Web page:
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LOU'S VIEWS: Art show spans centuries

March 25, 2016
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Anila Quayyum Agha’s “Intersections” earns its own room in “200 Years of Indiana Art” at the Indiana State Museum. (Photo courtesy of the Indiana State Museum and Historic Sites)

I’ve been in Indiana for only about 10 percent of the state’s two-century existence, but I’ve seen a lot of visual art that’s worth celebrating. And many of those artists are represented in “200 Years of Indiana Art: A Cultural Legacy” at the Indiana State Museum (through Oct. 2).

Lou HarryWhen you go, though, don’t make a beeline for the two third-floor galleries dedicated to the show.

Instead, start in the lobby, where a separate room is devoted to Anila Quayyum Agha’s ArtPrize-winning “Intersections”—perhaps the Indiana-rooted work to get the most national attention, thanks to landing the Public Vote Grand Prize at the 2014 ArtPrize event in Grand Rapids, Michigan.

The space is necessary because the piece consists not just of the material itself—a hanging cube with a single light inside—but of the patterned shadows it casts onto the walls, floor and ceiling. It’s gorgeous and thoughtful, spiritual and immersive. And it does Indiana proud.

“Intersections” isn’t the only work displayed on its own. I breezed right by Leticia R. Bajuyo’s “Event Horizons” without noting the care taken to turn thousands of discarded CDs and DVDs into an elegant, curvaceous, shiny wall. Harder to miss is Ish Muhammad Nieves’ “Heterodox Swag,” a two-story, playful, billowy blob pinned to the wall next to one of the central stairways.

There’s also strong work to be found in the Legacy Theater gallery, just off the main museum lobby, where pieces from the 2006 Heritage Spectrum show have been brought back for an artistic 10-year reunion.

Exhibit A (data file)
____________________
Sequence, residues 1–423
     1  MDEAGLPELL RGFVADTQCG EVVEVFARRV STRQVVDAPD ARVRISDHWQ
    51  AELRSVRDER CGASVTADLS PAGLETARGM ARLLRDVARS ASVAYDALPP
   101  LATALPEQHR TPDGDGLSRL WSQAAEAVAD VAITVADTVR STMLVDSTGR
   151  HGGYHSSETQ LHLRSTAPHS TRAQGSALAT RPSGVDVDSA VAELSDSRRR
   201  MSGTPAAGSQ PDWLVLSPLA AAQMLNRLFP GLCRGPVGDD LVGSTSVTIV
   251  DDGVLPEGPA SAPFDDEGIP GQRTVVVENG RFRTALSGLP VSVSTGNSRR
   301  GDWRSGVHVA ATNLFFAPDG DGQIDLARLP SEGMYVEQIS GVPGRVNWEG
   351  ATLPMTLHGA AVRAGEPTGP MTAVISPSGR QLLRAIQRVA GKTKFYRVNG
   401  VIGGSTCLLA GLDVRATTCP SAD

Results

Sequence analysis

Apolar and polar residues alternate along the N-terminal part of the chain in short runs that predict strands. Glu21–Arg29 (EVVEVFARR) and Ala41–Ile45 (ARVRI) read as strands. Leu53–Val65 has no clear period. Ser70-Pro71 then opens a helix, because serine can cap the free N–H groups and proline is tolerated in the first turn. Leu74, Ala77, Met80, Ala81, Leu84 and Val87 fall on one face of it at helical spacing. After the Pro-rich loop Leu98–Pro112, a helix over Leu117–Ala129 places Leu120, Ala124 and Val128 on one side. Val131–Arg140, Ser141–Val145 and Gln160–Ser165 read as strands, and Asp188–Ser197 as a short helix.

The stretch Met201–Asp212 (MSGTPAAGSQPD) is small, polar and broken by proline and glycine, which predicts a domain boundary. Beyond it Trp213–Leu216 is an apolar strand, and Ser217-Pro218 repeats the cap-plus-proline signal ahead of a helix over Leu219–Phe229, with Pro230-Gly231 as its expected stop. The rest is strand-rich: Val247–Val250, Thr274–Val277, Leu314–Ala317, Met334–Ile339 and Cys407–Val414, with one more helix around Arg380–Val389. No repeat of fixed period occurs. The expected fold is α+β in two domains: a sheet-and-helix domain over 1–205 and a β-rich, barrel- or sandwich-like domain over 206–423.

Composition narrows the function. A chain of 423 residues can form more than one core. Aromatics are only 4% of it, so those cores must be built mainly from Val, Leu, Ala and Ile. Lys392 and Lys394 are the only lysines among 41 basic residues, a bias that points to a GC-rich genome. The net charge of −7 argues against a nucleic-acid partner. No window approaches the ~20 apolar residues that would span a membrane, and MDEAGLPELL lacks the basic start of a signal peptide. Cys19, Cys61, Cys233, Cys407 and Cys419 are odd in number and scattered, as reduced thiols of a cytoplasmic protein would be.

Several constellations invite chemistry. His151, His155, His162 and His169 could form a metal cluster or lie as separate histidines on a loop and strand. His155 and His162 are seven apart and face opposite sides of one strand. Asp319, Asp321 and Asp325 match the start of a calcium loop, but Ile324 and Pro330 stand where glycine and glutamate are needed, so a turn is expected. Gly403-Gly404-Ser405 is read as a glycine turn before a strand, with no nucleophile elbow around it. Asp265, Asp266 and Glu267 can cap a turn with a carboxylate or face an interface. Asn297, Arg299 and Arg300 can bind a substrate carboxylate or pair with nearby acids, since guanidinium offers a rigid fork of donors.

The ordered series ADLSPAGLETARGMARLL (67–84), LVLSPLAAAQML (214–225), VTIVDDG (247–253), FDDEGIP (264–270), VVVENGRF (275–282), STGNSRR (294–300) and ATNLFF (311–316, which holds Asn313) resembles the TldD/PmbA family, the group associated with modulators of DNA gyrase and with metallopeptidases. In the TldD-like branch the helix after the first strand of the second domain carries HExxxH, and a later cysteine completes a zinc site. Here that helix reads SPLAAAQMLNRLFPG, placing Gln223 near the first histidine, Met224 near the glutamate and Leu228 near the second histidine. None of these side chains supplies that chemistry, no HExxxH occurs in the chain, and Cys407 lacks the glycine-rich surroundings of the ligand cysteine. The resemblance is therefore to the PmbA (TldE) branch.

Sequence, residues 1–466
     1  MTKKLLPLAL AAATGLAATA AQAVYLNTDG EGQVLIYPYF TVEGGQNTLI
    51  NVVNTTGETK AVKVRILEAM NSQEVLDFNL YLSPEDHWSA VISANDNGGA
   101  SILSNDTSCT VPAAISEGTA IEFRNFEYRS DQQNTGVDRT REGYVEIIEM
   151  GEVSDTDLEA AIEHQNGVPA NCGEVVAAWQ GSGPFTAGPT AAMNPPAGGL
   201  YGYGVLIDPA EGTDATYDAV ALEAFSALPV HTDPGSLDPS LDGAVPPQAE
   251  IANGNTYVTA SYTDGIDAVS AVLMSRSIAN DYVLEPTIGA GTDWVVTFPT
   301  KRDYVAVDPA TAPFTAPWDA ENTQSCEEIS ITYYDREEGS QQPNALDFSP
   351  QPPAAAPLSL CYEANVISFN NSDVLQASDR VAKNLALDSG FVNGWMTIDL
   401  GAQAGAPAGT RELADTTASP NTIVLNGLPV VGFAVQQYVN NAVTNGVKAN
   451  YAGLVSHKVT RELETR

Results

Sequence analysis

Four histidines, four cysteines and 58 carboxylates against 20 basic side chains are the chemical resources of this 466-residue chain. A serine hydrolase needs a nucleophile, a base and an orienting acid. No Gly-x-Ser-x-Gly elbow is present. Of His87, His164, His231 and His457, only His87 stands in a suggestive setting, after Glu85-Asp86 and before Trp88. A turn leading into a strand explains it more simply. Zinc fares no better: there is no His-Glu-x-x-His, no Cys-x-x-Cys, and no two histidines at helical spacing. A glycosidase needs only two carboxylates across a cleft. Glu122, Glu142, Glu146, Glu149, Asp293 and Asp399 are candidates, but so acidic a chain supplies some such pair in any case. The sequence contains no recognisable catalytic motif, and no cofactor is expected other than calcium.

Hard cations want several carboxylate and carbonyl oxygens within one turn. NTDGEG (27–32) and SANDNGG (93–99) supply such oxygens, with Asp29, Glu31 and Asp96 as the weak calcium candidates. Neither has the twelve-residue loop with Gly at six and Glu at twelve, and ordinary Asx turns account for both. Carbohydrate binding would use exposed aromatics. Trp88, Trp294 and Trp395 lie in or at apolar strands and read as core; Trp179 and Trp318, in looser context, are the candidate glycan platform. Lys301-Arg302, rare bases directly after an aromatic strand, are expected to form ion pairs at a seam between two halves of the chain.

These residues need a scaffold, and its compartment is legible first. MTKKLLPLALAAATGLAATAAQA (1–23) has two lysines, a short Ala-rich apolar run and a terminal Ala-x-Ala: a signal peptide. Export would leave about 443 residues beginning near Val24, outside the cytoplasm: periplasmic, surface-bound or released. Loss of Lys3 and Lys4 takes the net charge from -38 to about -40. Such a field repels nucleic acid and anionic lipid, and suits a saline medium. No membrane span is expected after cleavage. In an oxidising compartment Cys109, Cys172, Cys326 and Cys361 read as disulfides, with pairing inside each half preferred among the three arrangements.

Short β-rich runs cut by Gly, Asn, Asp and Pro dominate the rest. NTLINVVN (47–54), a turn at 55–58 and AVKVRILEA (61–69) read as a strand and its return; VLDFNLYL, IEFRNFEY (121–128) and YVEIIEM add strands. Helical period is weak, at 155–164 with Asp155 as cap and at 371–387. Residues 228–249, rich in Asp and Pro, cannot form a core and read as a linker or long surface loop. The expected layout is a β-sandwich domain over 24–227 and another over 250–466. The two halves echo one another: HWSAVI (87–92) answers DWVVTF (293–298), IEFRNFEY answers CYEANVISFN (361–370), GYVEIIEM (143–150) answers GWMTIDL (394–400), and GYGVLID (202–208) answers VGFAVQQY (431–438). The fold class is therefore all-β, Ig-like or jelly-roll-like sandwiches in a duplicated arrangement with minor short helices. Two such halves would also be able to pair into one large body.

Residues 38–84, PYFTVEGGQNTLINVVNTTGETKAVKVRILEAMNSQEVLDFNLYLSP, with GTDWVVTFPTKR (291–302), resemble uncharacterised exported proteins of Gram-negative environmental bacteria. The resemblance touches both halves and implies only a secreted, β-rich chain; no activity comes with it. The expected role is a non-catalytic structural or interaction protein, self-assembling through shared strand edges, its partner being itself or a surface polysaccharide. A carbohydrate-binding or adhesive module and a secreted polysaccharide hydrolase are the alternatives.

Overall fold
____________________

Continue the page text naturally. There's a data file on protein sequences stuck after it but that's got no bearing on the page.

The work of now-former Herron students, the impressive collection includes Asia Atkinson’s dramatic “Fallen Shells,” in which a shattered urn spills bullet shells, and Boyeon Yun’s “Reunification—Separated Families,” in which portrait pieces are literally separated from the rest of the work.

Look up when you eventually arrive at the main galleries. There you’ll see the teetering triangles of George Rickey’s gently moving “Eight Triangle Two Squares Var. II.” Even those who haven’t set foot in a museum lately might recall the kinetic artist’s public art retrospective throughout downtown in 2009.

ae-jacob-cox-pogues-run-1871-15col.jpg Traditional works include Jacob Cox’s “Pogue’s Run” from 1871. (Image courtesy of Permanent Collection of the Indiana State Museum and Historic Sites)

The main galleries themselves are divided into the first hundred and second hundred years, with work in the first stretching back to an 1815 portrait of Judge David Kilgore by a now-unknown artist. From that starting point, the show proceeds close-to-chronologically, demonstrating a wide range of styles and approaches.

A rather stern portrait of Gov. Oliver P. Morton—who seems to have the same skepticism toward artists that many in his position have today—is found not far from a romanticized view of Pogue’s Run. A William Merritt Chase still life is just a head turn away from a 1901 Janet Scudder bronze fountain piece.

ae-obyn-hamilton-dark-fantasy-mixed-media-on-canvas-2001-15col.jpg Walter Lobyn Hamilton’s “Dark Fantasy” is one of the exhibition’s more recent works. (Image courtesy of Permanent Collection of the Indiana State Museum and Historic Sites)
There’s an acknowledgement of Native American art, representations of quilt making, examples of glasswork, and even a commissioned ornamental sign paid for by the Wayne Agricultural Co. Of course, you’ll find works by Robert Indiana and T.C. Steele, but there’s also a portrait of Steele by Wayman Adams and such curiosities as James Spencer Russell’s “100 Letter Words: Tags,” with its letter-free circles dangling and casting shadows in its boxed frame, and Walter Lobyn Hamilton’s “Dark Fantasy,” crafted from vinyl albums.

Personal favorites include Otto Stark’s “The Bell Tower,” a pastel view from the roof of what is now Arsenal Technical High School, and Nhat Tran’s wordless, sparkling and sad “Fragile Words,” created with Vietnamese urushi (lacquer) on plywood. Part of the pleasure of a show is finding your own aesthetic sweet spots from the healthy heritage of Indiana artists.

Bonus: If you want to be a part of this strong legacy and add your own work to the collection, an alcove overlooking the Central Canal is stocked with paper, pencils and easels.•

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This column appears weekly. Send information on upcoming arts and entertainment events to lharry@ibj.com.

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